London’s transport commissioner has warned the city could face riots again unless more trains and buses are available at affordable fares for the poorest communities.
Many of the poorest communities are no longer based in the inner-city but instead on the outskirts of London, according to Sir Peter Hendy. They rely on buses, whose fares have risen by 50 per cent over the past six year, to get them to work.
Sir Peter, head of Transport for London (TfL), said unless transport capacity is increased and fares stabilised there would be serious problems.
“The stakes are pretty high. If you're not able to increase transport capacity, and people find accessing work impossible, you risk social unrest. You can expect trouble."
Painting a bleak picture, Sir Peter said to the Guardian: "The bus network is the staple of outer London. We're going to need more revenue funding. Otherwise we're going to leave people behind.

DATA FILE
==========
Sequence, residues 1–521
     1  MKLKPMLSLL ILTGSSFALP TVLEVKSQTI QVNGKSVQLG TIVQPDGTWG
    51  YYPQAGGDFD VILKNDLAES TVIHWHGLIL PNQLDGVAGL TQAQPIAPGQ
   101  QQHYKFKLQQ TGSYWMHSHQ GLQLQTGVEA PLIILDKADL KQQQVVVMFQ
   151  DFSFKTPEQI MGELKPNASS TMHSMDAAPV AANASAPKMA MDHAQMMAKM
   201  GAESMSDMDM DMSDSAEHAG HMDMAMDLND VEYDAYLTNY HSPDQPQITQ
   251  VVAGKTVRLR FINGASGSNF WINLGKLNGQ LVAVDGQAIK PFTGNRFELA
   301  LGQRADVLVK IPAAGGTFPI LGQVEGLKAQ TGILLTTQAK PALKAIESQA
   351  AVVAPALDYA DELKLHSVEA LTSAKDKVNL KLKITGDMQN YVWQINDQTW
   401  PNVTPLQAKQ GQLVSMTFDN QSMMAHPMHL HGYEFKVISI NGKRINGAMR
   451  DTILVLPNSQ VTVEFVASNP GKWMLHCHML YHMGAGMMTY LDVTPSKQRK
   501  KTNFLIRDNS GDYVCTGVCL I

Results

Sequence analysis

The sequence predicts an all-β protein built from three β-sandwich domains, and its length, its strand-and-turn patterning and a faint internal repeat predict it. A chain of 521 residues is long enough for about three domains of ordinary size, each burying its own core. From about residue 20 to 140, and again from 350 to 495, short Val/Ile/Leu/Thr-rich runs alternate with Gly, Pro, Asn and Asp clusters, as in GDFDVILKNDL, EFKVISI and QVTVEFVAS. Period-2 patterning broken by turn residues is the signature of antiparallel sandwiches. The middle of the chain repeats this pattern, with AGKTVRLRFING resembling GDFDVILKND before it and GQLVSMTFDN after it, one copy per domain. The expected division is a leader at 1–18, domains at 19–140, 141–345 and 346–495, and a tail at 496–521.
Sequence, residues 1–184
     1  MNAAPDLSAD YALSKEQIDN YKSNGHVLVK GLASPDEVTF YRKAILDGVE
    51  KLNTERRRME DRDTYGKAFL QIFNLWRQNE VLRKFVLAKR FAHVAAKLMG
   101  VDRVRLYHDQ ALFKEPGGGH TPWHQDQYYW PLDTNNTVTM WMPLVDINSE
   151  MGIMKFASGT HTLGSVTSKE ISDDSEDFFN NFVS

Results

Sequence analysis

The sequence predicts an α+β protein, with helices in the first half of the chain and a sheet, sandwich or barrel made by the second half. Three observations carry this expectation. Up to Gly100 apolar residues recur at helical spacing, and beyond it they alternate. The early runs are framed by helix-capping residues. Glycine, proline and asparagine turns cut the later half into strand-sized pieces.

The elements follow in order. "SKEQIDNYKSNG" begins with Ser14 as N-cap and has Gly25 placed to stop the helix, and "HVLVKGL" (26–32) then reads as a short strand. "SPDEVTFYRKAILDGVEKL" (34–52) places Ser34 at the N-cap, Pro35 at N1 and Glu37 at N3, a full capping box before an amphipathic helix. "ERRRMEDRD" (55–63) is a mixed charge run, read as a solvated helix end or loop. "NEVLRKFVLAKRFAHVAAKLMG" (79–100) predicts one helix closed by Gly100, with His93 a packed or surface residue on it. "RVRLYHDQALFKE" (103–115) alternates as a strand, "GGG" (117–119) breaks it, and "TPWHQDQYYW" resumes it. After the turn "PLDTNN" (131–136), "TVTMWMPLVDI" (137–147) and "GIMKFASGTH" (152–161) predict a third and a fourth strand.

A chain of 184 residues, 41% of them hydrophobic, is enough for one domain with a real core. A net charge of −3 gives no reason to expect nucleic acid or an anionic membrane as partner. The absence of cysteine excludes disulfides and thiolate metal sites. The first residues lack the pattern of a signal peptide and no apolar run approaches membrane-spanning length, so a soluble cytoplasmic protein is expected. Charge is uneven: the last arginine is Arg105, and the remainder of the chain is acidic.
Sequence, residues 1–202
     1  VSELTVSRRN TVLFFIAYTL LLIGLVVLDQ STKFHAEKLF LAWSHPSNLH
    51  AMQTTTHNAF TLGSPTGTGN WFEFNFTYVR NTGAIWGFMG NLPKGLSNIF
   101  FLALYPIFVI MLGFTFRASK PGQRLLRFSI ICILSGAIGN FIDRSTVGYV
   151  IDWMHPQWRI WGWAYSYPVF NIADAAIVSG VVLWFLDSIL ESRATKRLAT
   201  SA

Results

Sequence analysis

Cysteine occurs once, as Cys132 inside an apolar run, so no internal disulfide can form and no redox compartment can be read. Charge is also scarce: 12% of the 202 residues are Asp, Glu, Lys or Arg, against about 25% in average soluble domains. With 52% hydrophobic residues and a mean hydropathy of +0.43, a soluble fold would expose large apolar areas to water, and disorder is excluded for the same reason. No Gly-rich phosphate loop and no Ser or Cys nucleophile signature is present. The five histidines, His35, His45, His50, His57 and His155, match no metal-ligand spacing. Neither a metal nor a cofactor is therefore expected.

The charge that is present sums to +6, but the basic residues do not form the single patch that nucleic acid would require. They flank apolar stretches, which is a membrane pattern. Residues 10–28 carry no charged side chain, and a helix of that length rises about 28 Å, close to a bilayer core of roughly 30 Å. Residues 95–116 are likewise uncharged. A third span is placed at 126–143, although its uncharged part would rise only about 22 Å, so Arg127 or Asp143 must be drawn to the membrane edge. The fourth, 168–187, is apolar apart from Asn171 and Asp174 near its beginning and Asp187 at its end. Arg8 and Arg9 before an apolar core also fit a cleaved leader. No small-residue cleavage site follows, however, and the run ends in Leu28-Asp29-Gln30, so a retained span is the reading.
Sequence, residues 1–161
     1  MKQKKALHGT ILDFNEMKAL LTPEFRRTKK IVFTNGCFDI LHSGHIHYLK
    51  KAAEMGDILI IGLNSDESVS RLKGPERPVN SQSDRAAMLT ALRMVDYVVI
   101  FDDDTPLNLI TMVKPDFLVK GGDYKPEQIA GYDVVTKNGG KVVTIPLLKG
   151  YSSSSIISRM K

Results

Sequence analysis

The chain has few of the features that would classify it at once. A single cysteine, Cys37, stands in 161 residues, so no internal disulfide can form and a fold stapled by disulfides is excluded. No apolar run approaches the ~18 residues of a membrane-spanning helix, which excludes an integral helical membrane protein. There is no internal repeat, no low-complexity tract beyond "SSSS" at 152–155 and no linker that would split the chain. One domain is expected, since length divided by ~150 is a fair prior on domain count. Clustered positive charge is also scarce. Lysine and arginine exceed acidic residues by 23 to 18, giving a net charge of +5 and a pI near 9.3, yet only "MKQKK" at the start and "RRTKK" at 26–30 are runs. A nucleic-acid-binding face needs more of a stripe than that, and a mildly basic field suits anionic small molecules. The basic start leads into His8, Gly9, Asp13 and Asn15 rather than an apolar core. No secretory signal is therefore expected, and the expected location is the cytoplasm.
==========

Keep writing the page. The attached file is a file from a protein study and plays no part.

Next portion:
“When you start leaving people behind, you start saying to people in London they may not be able to get to work on time and when that happens, you damage the economy quite severely."
The number of Underground passengers has risen by a third in the last decade, with 1.256 billion passengers travelling on the tube last year, and - despite an annual investment of about £1bn in tube upgrades and £14.8bn on Crossrail - Sir Peter claimed services will be overwhelmed unless there are further improvements.
Sir Hendy warned unless projects such as Crossrail 2 were started: “You just won't be able to get into or on to many of our transport networks at peak times”.
Transport chiefs estimate it will take at least 15 years to build Crossrail 2.
Fares are expected to continue to rise after George Osborne cut funding for day-today operation in London by 25 per cent in the last spending review.
Although Sir Peter supported the fare rises under Mayor Boris Johnson, he admitted they had not foreseen the population shift – and the reliance those on a lower socio-economic footing would have on public transport.
London’s population is rising by 80,000 people a year. It is currently estimated at 8.4 million, but by 2030 it may reach 10 million.
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